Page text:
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For GOP: MNSure Is The Target - Solutions Are Not Wanted

Category: Health Care
Posted: 09/02/16 14:51

by Dave Mindeman

We are going to get another round of gleeful criticism of MNSure from the legislative Republicans.

But it is kind of ironic - they don't seem to understand the system well enough to focus on the actual problems.

Let's try to get this right. MNSure is not the reason that insurance premiums are increasing. Got that? MNSure itself has nothing to do with it.

All MNSure does is provide the marketplace for the insurance companies to allow the public to compare what they have decided to charge.

MNSure does have issues. It still has difficulty with technical problems. It has difficulty coordinating with Minnesota Care. It has long wait times to answer questions.

Those things are fixable over time. But insurance premium increases? That is a problem that is still rampant within the insurance system itself.

What did we want the ACA to do? What was its original purpose? It was to reduce the number of people that did not have access to health insurance. To relieve the burden on hospitals to deal with costs of helping those who did not have insurance. To provide government help with affordability.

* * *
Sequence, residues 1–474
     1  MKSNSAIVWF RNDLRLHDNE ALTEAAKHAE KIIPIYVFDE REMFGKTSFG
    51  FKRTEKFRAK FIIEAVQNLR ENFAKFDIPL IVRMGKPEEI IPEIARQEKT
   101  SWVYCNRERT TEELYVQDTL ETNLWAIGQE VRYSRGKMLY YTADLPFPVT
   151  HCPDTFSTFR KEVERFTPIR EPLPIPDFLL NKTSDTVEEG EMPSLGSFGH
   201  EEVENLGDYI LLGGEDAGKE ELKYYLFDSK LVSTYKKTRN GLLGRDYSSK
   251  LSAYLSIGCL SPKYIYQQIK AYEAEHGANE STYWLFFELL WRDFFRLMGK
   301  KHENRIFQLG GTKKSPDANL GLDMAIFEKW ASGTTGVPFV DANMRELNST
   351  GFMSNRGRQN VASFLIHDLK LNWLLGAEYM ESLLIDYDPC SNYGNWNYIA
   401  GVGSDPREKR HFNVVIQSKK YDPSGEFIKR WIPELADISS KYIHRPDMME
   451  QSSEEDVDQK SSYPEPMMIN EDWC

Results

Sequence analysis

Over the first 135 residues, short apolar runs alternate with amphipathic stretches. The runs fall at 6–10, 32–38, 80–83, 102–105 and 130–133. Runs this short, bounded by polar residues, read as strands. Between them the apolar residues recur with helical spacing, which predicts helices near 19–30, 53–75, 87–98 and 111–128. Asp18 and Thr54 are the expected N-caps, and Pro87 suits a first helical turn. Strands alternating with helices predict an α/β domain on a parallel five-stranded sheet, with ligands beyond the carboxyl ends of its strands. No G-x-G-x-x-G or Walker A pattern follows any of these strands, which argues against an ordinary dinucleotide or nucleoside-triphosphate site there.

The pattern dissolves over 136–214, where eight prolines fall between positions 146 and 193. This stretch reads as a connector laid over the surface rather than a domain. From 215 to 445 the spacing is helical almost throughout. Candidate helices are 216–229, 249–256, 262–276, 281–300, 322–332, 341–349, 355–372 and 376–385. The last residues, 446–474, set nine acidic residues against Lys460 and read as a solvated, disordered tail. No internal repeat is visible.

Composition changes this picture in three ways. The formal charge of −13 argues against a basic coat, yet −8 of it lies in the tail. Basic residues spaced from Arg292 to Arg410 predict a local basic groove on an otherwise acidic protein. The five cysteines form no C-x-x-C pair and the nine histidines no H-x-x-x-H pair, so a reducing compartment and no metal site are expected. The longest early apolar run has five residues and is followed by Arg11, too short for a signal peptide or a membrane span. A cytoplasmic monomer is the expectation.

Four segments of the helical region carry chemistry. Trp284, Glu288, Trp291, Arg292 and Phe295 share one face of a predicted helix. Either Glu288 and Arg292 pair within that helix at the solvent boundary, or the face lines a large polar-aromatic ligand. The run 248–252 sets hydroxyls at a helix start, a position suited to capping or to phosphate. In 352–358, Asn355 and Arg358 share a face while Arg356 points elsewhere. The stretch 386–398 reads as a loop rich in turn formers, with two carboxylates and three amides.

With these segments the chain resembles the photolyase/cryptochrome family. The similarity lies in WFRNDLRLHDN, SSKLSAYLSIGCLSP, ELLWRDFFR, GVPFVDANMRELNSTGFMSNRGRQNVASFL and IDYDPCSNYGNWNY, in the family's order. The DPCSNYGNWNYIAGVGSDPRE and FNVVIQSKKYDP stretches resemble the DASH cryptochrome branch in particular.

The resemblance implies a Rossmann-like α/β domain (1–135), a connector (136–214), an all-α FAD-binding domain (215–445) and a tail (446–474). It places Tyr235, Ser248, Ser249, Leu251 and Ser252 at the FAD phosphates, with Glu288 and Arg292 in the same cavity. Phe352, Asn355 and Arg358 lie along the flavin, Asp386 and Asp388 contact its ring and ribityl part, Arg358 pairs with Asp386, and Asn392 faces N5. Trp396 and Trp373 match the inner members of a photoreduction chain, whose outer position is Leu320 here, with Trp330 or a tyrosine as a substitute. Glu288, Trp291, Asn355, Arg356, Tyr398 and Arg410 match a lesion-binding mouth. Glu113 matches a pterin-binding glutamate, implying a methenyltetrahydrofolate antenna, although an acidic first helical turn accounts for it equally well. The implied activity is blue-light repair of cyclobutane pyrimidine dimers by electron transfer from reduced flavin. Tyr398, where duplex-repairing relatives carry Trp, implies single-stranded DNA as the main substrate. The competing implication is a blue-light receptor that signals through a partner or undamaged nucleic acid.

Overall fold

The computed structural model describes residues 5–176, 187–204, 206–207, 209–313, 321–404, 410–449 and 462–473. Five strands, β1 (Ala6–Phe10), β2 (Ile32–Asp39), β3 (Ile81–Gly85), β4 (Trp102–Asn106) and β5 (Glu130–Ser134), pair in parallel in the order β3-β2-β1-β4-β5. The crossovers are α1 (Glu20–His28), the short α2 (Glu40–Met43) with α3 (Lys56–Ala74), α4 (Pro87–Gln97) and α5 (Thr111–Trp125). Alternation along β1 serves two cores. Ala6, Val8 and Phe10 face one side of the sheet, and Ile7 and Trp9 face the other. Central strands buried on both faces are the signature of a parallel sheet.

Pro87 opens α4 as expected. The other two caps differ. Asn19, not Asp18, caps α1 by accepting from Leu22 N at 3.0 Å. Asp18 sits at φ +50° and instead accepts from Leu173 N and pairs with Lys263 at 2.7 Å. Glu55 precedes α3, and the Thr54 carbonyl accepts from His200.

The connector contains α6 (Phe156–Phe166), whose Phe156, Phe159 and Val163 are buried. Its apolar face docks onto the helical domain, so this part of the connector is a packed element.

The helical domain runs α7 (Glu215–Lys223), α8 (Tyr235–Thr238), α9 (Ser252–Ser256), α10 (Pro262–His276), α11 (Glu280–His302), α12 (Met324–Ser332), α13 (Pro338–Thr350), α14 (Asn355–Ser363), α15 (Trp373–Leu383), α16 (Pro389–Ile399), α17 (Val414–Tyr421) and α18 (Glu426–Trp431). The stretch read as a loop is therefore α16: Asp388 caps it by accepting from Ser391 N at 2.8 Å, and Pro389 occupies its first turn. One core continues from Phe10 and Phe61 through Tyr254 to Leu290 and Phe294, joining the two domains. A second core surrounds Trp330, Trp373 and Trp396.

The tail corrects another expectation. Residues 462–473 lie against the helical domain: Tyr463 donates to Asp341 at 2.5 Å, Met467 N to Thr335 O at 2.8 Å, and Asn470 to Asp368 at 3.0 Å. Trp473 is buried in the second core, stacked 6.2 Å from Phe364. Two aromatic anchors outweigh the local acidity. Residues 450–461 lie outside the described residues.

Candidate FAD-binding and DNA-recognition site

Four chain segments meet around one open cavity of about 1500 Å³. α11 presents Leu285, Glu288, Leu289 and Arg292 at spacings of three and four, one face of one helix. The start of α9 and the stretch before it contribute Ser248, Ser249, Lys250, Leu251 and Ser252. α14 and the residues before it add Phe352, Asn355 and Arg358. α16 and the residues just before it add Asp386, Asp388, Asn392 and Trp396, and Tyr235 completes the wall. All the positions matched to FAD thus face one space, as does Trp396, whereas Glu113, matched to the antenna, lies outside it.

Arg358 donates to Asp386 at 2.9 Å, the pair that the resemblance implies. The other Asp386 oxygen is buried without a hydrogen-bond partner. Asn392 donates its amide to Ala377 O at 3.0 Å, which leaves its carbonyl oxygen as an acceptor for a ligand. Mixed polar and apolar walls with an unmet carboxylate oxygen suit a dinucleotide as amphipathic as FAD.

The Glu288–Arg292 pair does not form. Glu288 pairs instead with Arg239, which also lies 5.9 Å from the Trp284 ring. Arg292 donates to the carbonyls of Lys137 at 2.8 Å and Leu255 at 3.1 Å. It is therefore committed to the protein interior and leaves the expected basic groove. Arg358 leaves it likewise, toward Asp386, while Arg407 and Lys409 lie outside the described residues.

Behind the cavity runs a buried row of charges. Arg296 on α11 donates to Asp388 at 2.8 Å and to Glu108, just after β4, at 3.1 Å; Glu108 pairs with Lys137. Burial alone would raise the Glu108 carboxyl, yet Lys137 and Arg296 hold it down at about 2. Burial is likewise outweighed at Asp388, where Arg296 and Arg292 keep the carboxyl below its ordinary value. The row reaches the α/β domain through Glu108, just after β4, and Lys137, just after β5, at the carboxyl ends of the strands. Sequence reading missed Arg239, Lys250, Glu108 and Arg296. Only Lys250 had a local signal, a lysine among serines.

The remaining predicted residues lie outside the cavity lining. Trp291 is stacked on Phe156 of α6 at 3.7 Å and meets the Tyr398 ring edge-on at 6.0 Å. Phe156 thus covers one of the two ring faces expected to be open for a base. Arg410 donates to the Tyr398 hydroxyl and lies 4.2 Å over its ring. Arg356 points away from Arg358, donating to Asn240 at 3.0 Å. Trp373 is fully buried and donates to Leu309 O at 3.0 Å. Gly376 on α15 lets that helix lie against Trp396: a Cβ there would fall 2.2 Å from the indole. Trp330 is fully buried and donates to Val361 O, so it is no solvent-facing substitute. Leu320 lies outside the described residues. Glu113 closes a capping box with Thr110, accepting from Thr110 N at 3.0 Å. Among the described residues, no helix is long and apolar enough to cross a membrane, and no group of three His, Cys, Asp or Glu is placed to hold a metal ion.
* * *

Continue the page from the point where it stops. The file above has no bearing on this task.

The ACA is doing those things. I realize affordability has become a bigger issue, but the ACA still provides the subsidies that help the working poor get to affordable options. The ACA is doing its job - the original intent.

But blaming the ACA for having to deal with an insurance based health care system out of control is foolishness.

The biggest change in health care that is causing the current rash of crazy premium increases is the inclusion of people with pre-existing conditions. In the past, the major insurance companies have always developed ways to push them out - to force a government solution to chronic illness. Prior to the ACA, those people went largely uninsured or were thrown into inadequate catastrophic plans that still left them with unaffordable out of pocket expenses.

When the ACA became law, everyone was put on notice that denial of coverage would now be a thing of the past. The insurance companies had plenty of time to prepare and adjust for that coming issue.

But, as usual, they mismanaged it. Some of the companies set up unrealisticly low premiums hoping to capture a bigger share of the market and worry about the cost adjustments later. Some of the companies just completely misinterpreted the new risk pool. Most had the number of new entrants too low - forgetting how many people they had refused to accept.